Microsoft Hotmail went down temporarily April 9 due to a networking issue encountered while Microsoft was performing routine maintenance, Microsoft says. Some Xbox Live and Zune Marketplace users were also reportedly affected. As more and more users venture onto Hotmail, Yahoo and Gmail for their cloud-based e-mailing needs, temporary outages have more effect on both the general population and the enterprise.
Windows Live Hotmail users who signed into their accounts on the evening of
April 9 may have experienced a shock when they received a message that said,
"You don't have an inbox ... yet."
According to Microsoft, an undisclosed number of users experienced a
temporary outage "caused by a networking issue" that has since been
resolved. User messages remained intact on Microsoft's server during the
downtime, which reports said also affected some Xbox Live and Zune Marketplace
Hotmail services were completely resolved by 11:25
PDT. The outage had lasted roughly 2 hours.
In a posting on a corporate blog, the Windows Live team said the networking
issue was "encountered while doing routine maintenance."
e-mail services such as Hotmail have attracted more and more users,
can affect tens of millions of people. According to ComScore, Yahoo Mail had
91.9 million unique users in 2008, followed by AOL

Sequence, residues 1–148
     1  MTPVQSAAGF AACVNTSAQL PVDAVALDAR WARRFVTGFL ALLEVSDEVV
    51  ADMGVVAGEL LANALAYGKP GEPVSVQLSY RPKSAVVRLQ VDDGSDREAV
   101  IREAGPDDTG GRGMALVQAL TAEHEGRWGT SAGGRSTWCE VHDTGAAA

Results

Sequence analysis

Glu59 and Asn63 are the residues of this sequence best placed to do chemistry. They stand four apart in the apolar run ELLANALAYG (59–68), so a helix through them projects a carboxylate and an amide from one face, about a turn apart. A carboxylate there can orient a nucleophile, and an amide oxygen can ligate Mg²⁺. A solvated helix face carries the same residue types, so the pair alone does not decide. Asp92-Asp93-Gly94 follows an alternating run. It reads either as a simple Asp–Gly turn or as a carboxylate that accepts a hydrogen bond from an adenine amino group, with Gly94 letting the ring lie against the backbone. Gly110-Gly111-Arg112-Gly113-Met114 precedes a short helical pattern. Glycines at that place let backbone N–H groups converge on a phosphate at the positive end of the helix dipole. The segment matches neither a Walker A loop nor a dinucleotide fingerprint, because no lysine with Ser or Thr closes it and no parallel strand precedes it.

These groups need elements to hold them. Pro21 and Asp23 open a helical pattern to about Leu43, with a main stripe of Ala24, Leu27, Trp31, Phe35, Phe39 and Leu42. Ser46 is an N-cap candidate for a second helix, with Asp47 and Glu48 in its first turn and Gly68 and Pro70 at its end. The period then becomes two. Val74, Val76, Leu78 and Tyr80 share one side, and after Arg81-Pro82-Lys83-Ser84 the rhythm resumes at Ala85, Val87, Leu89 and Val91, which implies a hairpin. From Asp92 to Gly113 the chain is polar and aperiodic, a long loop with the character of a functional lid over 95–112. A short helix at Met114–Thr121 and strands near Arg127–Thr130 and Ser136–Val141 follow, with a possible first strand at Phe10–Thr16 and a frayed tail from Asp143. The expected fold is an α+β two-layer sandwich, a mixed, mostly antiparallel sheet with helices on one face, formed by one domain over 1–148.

Mail with 46.6 million users (and another 7.2 million visitors to AIM
Mail), Hotmail with 43.5 million and Gmail with 29.6 million.
For its part, Google
has been working on transforming its Gmail
service into a more robust and enterprise-ready messaging and collaboration tool,
adding applications such as Google
and chat features, and enabling
offline use of Gmail.
Microsoft, Yahoo Zimbra and other e-mail clients also
offer offline access.
However, IT companies have wrestled with the challenge of providing as much
uptime as possible to those users relying on their cloud-based messaging and
In February and March 2009, Google
Gmail experienced some outages
of a few hours' duration. While service was
restored quickly to the bulk of users, after the February outage Google
ended up offering 15 days of free service
to those enterprise customers and
others paying $50 per year for expanded versions of Gmail and Google Apps.